International Mindedness @ LCS


International mindedness has been described as "a view of the world in which people see themselves connected to the global community and assume a sense of responsibility to its members. It is an awareness of the inter-relatedness of all nations and peoples, and a recognition of the complexity of these relationships. Internationally-minded people appreciate and value the diversity of cultures in the world and make an effort to learn more about them." (from the "IB Community Blog" by Dr. Chris Muller)

How does it look and sound in the Middle Years Program at LCS?

This past week, 8th grade Dylan confidently delivered his "This I Believe" presentation during Mr. Ankwandoh and Ms. Dittmer's Humanities class. Students were focusing on the Communication ATL skill (use a variety of speaking techniques to communicate) and Objective C: Communicating (ii. structure information and ideas according to task instructions). They were bravely communicating their own personal beliefs to peers in an environment where practicing international mindedness, as modeled by their teachers, creates a safe space for such presentations and dialogue.


The concept of international mindedness is at the heart of the Middle Years Program (MYP) at LCS, and the Primary Years Program (PYP), and continues to develop in students through the Diploma Program. Last spring, the Educational Programs team at our school, headed by Greta Keltz, created a short film in order to learn about the ways our students understand international mindedness. The finished film is now serving as a delightful conversation-starter for the LCS community of learners. These conversations are meant to nurture international mindedness in students and in ourselves.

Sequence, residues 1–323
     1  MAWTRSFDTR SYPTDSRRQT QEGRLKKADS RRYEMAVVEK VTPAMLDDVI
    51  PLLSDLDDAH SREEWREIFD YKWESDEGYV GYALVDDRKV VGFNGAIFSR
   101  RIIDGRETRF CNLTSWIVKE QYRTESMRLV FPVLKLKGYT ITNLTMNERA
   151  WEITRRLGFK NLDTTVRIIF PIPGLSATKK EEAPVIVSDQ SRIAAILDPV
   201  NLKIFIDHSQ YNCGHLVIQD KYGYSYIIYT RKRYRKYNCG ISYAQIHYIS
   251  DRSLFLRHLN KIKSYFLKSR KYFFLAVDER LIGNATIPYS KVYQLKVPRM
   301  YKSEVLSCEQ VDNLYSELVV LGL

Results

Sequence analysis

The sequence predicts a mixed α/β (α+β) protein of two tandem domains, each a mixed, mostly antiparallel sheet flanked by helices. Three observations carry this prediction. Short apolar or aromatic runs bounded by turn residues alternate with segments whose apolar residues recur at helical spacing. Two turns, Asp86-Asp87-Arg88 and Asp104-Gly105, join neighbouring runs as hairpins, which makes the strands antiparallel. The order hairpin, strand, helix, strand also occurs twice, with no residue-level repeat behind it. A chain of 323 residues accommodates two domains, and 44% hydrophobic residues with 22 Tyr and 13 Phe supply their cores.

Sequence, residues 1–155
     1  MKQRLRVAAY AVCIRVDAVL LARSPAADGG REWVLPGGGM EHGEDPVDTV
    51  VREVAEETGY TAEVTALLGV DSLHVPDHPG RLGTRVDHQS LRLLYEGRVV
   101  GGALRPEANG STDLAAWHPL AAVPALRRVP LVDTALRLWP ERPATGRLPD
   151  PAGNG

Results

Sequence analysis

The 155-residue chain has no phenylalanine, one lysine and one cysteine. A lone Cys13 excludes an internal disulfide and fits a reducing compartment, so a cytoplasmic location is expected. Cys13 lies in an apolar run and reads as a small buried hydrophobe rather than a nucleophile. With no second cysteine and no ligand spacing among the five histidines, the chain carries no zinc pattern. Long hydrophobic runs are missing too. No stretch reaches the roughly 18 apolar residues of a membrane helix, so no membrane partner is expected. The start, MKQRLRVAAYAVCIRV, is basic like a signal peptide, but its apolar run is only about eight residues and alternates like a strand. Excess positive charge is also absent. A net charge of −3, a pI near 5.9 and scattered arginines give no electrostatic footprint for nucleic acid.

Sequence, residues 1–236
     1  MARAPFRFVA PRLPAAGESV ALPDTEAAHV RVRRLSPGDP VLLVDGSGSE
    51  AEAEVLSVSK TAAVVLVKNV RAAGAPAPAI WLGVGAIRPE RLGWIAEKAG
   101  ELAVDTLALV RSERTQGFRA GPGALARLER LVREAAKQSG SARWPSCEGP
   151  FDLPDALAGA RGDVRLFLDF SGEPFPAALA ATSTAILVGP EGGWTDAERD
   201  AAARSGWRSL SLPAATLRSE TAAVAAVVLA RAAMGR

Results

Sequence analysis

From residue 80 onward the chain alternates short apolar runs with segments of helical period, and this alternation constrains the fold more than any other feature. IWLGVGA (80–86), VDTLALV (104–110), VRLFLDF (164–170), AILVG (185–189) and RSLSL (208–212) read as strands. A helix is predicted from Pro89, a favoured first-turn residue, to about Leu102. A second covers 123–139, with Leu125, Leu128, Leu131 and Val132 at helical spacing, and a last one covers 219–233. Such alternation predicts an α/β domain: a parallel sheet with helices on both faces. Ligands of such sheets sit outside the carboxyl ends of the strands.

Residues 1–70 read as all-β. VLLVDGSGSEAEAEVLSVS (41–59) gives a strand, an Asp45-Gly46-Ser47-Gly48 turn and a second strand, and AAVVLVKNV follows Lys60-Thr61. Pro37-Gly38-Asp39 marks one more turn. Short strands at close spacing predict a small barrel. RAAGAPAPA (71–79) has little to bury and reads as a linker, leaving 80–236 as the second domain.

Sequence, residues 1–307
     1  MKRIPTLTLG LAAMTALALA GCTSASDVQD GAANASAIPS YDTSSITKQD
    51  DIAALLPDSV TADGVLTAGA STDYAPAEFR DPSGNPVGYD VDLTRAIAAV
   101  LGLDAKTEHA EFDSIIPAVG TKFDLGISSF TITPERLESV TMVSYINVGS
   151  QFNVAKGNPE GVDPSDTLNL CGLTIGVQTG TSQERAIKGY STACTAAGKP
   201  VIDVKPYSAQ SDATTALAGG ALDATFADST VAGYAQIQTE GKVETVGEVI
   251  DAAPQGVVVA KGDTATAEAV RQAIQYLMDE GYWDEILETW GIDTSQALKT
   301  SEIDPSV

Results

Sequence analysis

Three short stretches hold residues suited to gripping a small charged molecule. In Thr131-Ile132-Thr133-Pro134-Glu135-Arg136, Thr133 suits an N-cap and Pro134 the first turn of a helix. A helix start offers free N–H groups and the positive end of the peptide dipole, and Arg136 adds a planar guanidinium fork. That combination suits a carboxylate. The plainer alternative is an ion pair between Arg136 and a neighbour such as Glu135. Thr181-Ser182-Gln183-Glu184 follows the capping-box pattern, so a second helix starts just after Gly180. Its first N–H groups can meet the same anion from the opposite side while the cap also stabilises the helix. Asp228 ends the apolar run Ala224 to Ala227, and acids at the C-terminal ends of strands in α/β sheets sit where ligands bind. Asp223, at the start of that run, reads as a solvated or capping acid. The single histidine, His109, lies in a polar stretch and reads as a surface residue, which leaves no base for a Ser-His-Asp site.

6th grade students recently viewed the film in Mr. Coleman's English class after an opening question from their teacher left students wondering whether there is a right name for the sport some call "soccer" and some call "football." After viewing the film, students shared their reactions and further questions about what it means to be internationally minded, making connections to examples in literature and to their own lives. Students were able to express both the complexity and challenge of international mindedness as well as their need for it.


At teacher orientation this year, Mr. MacBride, Ms. Strenio-Anagnost, and I had the honor of introducing the new LCS learning principles to the full faculty and sharing our own ideas about what they mean to us. One of the LCS learning principles includes the concept of international mindedness. It is powerful knowing that teachers and students in all classrooms and professional development spaces at LCS are striving to actively practice this, and talk about this with others.

Does reading about international mindedness make you want to take action? LCS has an invitation to the whole community: A Call for Artists! Please consider submitting artwork of all kinds to your IB Coordinator (Ms. Strenio-Anagnost, Mr. MacBride, or Ms. Thompson) by October 19th.


You are invited, LCS! Let's take creative action together. Share and celebrate what international mindedness means to us as Lincoln Community School!